The Supreme Court ruled in favor of a football coach who conducted prayers in the 50-yard line.

You read it here first: This case may be a prelude to overturning the Supreme Court’s ban on prayer in schools, a decision that evangelicals have complained about since it was issued. As we have seen in the past week, this Court is indifferent to precedent. They are rightwing ideologues who want to redraw the well-understood rights, freedoms, and boundaries of American life. No one knows what to expect: Will they outlaw contraception? Will they outlaw same-sex relationships and marriage? Will they outlaw interracial marriage? Will they overturn Brown v. Board of Education? Will they restore the power to impose racial segregation to the states? The Trump three plus Alito, Thomas, and Roberts are a supermajority; they are appointed for life. They will do whatever they want, with no accountability.

Peter Greene writes that the Court has no understanding of the duties of a school official.

It has become increasingly clear—blindingly obvious—that this Court will always favor religious expression over all competing claims. Six justices have completely abandoned the Founding Fathers’ explicit belief in separation of church and state and their determination to avoid any “establishment” of religion.

Greene writes:

I am absolutely gobsmacked. I expected that SCOTUS would okay school prayer via Kennedy v. Bremerton School District. I did not expect that their decision would be based on a disconnecting themselves from reality. 

The result is here. I’ll walk you through the highlights (sputtering as I go). Sorry. I don’t have time to make this short.

This is the case of the football coach who wanted to pray at the 50 yard line after games, and when the district told him to stop, decided he’d get his fifteen minutes of holy fame out of it. Full summary here.

Justice Gorsuch wrote this one, and he’s in an alternate reality in the very first paragraph.Joseph Kennedy lost his job as a high school football coach because he knelt at midfield after games to offer a quiet prayer of thanks.

Nope. Joseph Kennedy decided not to put in for the job for another season.

Mr. Kennedy prayed during a period when school employees were free to speak with a friend, call for a reservation at a restaurant, check email, or attend to other personal matters.

This line of reasoning will be followed throughout. If you’re on the clock, but can get away with dividing your attention, that counts as personal time. Not for the last time, Gorsuch and the berobed conservative activists of the court will demonstrate no understanding of how school jobs work. As a teacher, if I’m on my computer or phone while I’m supposed to be supervising students, I’m asking for trouble. And if I’m a coach or activity advisor, and my students have not officially left the building for home, then I had better be doing my job, which is keeping an eye on them.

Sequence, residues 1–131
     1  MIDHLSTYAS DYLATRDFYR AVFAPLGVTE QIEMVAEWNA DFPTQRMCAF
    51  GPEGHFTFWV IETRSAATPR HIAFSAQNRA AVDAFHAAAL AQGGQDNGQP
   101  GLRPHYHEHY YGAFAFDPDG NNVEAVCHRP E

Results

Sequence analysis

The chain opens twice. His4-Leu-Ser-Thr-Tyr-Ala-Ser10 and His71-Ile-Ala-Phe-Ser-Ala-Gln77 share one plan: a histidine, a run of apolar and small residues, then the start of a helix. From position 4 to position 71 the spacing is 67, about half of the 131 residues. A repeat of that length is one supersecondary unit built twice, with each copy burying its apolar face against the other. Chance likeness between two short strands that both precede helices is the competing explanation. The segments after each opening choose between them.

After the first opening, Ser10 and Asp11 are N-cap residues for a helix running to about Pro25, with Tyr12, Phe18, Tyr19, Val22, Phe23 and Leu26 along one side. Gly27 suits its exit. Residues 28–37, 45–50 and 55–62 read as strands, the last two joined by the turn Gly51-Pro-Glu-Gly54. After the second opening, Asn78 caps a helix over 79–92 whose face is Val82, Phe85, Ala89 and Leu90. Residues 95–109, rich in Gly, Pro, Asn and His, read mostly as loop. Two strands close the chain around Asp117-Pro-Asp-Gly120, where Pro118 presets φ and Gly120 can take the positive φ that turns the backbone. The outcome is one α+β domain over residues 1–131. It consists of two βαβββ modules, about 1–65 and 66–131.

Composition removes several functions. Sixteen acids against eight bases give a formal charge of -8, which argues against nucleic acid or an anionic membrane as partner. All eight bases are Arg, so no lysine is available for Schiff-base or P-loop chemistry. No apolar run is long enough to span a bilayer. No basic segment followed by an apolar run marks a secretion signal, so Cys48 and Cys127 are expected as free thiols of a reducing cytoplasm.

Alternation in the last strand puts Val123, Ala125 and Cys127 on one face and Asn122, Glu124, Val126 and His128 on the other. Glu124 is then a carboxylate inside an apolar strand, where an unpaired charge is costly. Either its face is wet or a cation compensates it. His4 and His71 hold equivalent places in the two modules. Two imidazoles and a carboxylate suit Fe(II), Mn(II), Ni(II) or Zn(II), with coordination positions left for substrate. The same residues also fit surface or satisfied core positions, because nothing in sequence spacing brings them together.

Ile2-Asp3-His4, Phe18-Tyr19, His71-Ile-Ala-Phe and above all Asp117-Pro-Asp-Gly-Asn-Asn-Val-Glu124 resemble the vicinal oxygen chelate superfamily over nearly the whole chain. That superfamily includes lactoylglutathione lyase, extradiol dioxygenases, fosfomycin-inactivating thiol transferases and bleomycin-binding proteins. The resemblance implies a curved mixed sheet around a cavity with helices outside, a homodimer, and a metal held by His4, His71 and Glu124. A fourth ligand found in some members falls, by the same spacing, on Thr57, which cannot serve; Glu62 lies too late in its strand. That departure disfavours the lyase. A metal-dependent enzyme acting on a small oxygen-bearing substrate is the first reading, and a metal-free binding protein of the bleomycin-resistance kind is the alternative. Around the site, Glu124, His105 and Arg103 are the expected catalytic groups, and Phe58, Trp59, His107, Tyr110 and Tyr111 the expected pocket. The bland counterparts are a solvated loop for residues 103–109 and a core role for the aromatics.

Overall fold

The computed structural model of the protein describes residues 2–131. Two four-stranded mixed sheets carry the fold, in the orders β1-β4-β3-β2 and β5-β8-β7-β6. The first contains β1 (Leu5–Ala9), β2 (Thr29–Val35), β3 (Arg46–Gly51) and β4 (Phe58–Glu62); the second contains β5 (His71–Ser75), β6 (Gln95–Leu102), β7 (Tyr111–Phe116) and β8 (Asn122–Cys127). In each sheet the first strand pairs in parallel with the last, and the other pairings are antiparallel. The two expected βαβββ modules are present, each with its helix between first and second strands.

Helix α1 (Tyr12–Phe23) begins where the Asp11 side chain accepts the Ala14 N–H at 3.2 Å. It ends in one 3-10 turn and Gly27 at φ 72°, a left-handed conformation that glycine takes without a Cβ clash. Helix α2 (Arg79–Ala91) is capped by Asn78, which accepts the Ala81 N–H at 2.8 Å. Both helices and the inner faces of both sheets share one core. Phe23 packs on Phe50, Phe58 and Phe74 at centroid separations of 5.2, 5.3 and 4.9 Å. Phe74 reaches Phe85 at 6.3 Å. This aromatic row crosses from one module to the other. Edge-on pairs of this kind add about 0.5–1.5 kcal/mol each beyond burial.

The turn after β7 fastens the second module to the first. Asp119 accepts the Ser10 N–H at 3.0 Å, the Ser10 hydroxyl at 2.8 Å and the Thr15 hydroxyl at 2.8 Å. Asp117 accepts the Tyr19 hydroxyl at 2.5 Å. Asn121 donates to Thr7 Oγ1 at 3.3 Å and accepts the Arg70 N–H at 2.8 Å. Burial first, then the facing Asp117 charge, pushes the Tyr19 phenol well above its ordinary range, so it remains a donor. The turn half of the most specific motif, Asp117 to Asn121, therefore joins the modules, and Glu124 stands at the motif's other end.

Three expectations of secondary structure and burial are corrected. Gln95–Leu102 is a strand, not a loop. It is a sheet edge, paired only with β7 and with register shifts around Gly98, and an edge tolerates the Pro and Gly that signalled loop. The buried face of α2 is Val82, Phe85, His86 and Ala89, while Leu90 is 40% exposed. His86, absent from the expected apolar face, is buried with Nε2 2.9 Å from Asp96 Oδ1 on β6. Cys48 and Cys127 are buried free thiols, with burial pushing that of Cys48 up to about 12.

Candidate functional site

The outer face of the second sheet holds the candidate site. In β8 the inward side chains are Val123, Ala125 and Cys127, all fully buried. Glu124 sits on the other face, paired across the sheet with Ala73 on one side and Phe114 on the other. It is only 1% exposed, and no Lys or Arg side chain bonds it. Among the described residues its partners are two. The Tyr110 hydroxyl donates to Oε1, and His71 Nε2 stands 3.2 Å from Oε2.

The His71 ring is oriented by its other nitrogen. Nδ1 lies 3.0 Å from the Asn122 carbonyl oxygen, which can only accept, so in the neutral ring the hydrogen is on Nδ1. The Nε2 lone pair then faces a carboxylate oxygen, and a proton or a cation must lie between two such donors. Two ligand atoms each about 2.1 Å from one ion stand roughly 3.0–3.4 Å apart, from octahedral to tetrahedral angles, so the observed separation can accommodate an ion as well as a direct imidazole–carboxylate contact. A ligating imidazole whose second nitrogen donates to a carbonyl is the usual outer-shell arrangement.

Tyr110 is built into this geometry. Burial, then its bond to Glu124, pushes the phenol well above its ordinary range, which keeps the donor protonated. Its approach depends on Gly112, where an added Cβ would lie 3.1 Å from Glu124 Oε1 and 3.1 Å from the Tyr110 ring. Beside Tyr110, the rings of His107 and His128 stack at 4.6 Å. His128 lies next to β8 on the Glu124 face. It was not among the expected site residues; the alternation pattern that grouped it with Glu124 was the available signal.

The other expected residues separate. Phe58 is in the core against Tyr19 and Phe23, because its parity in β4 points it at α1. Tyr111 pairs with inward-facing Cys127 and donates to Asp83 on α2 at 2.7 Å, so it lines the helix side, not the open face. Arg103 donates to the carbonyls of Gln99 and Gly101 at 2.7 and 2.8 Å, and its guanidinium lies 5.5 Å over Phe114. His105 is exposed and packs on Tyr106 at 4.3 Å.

What follows is a glowing version of Coach Kennedy’s history with the school, putting emphasis on how quiet and personal and totally not while performing his duties as a government employee Kennedy’s praying was. We will have to wait for the dissent to get the full story from this planet. What Gorsuch gets semi-right is that this practice stayed below the radar for a while, until Kennedy had expanded it enough that word got back to district officials, who had a church-and-state-separation freakout. 

But Kennedy had an epiphany driving home one night, and felt “compelled” to do the prayer, and send a big letter to the district, in which he offered to do the prayer quietly “while students were busy with other activities–whether heading to the locker room, boarding the bus, or perhaps singing the school fight song” which–no! The offer of “I’ll just slip a prayer in when I’m supposed to be doing my job” is not a great offer!

On October 16, “some members of the community” joined him and “this event spurred media coverage.” Well, yes– as the dissent points out, Kennedy spurred, courted, welcomed and recruited media coverage, as well as (not for the first time) participation from the other team. The district continued to put pressure on, feeling that to not do so would suggest they were endorsing a school prayer, and that their understanding of the Constitution would be that such an endorsement was wrong. How very old school of them.

The district noted in their evaluation that Kennedy failed to supervise students after games and failed to follow district policy regarding religious expression. Kennedy decided not to put in for the job for the coming year….

Please open the link and read Greene’s post in full. Will students now have to put up with teachers opening and closing their classes with a prayer?

We have a Supreme Court that will privilege every form of prayer, in every setting, and will allow those with religious convictions to discriminate against those who do not share their views.

Is theocracy the right word?

Thomas Jefferson must be rolling in his grave.